Referring now to FIG. 7, a fourth embodiment of a protective device 70 includes a plug 72 and a sleeve 74. A first end 82 of sleeve 74 is sized to be received about ferrule 17 of connector 16 so that end face 50 is within an axial opening 75 of sleeve 74. Axial opening 75 is defined by an interior wall 73. In FIG. 7, axial opening 75 is shown enlarged greater than the diameter of ferrule 17 for clarity. However, axial opening 75 is sized to fit closely to ferrule 17 to prevent contaminants from passing through first end 82 along ferrule 17 to reach end face 50. As shown, axial opening 75 is consistent in diameter from first end 82 to a second end 84. Plug 72 includes a shaft 78 which similarly sized to ferrule 17 and is inserted through second end 84 into axial opening 75. Shaft 78 includes a mating portion 76 sized and shaped to approximate the polished shape of end face 50. Mating portion 76, as shown, is concave and forms a contour to match the polished convex shape of end face 50. Mating portion 76 is shown offset from end face 50 for clarity in FIG. 7. However, in use, mating portion 76 will be in close proximity or contact with end face 50 to further provide protection against contaminants reaching end face 50.
Other polish profiles for end face 50 are known and it is anticipated that mating portion 76 may be shaped as appropriate to match these known polish profiles. It is also anticipated that mating portion 76 may be shaped to match new polish profiles that may be developed, within the scope of the present invention. Plug 72 also includes an enlarged end 80 opposite shaft 78. Enlarged end 80 provides a finger grip for removing device 70 from ferrule 17 of connector 16.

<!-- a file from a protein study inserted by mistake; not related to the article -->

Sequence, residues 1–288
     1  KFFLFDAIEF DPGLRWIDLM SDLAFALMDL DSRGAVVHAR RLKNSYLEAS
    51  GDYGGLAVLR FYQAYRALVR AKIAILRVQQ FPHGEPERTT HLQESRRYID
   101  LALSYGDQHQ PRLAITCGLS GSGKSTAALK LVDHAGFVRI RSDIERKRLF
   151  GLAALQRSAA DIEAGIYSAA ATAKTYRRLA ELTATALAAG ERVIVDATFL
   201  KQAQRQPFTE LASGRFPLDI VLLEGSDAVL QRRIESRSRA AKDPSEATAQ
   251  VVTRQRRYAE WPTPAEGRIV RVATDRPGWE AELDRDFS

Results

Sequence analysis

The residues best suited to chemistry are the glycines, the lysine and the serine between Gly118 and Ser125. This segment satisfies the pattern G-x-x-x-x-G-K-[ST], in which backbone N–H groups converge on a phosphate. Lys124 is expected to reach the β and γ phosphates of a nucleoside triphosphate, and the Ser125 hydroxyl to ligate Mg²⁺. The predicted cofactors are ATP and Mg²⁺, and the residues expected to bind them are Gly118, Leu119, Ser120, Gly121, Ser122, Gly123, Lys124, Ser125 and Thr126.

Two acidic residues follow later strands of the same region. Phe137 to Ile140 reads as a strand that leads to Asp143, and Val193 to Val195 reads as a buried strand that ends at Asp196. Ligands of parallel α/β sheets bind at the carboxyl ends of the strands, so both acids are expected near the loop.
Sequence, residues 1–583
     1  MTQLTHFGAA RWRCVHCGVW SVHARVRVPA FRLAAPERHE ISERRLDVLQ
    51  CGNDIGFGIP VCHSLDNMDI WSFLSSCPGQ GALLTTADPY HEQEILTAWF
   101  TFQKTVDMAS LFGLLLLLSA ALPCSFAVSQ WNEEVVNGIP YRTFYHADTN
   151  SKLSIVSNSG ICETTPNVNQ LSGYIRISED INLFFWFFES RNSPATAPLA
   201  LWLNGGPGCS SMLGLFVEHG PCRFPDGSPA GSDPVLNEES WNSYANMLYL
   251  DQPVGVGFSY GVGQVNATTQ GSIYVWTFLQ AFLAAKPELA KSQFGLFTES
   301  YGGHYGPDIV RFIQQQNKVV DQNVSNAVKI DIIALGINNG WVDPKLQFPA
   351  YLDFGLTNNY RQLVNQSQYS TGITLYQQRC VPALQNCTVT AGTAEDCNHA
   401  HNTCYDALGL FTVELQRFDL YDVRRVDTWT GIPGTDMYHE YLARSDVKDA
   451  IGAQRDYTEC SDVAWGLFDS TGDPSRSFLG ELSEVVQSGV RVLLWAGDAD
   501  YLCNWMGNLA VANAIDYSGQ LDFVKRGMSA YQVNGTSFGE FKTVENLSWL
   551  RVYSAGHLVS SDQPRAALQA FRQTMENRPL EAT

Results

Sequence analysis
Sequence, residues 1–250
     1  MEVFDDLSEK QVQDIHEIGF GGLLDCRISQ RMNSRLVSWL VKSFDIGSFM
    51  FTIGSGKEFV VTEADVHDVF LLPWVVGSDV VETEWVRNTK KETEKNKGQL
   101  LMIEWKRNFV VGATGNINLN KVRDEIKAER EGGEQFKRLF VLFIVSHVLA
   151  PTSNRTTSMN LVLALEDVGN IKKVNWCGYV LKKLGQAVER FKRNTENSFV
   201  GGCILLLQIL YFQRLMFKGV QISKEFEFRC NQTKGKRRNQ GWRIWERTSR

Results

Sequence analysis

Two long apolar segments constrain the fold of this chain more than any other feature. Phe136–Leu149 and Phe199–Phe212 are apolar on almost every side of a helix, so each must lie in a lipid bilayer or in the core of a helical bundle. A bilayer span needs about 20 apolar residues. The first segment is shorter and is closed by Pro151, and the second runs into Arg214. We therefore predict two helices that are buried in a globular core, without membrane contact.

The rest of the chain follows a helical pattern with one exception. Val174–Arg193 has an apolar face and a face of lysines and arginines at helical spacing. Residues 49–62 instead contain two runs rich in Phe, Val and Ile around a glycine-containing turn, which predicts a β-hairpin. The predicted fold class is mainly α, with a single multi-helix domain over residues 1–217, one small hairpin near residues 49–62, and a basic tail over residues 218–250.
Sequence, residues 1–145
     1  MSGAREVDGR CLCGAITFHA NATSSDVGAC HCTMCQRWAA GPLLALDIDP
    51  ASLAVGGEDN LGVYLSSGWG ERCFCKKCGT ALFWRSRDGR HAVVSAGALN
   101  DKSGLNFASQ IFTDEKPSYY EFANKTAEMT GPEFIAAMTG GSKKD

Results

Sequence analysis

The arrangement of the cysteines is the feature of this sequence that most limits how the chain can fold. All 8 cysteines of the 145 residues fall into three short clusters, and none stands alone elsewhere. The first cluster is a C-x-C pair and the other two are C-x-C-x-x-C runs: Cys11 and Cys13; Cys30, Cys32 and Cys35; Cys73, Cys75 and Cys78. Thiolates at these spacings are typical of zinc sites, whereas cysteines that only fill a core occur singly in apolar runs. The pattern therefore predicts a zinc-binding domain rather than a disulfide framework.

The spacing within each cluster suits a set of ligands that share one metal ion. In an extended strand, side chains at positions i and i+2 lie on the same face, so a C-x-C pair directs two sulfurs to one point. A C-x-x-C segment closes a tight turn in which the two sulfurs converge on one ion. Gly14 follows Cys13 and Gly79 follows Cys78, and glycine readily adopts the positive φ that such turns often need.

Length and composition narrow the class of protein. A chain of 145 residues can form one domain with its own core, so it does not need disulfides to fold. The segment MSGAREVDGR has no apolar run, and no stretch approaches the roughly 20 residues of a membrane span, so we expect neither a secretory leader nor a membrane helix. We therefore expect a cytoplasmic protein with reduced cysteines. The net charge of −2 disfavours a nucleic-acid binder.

As shown, mating end 76 is offset from end face 50 for clarity. However, end face 50 and mating face 76 would be positioned directly adjacent each other so that mating face 76 may block contaminants from reaching end face 50. As axial opening 75 is uniform in diameter and shaft 78 is similarly sized to ferrule 17, contaminants are prevented from entering axial opening 75 through second end 84 as well.
Referring now to FIGS. 8 and 9, a fifth embodiment of a protective device 90 includes a body 96 with a flange 94 at a second end 104. Body 96 includes an inner wall 98 which defines an interior opening 100 extending between a first end 102 and second end 104. Interior opening 100 is sized to be received about ferrule 17 so that end face 50 is within opening 100 and inner wall 98 fits closely about ferrule 17 to prevent contaminants from entering opening 100 through first end 102. With such an air-tight or near air-tight seal between ferrule 17 and inner wall 98, second end 104 of body 96 is open to permit ferrule 17 to be inserted within opening 100 and allowing displaced air to escape. Once ferrule 17 has been placed within opening 100, an adhesive member 92, such as tape, is then placed across end 104 to provide an air-tight seal of second end 104 and prevent contaminants from entering opening 100 through second end 104.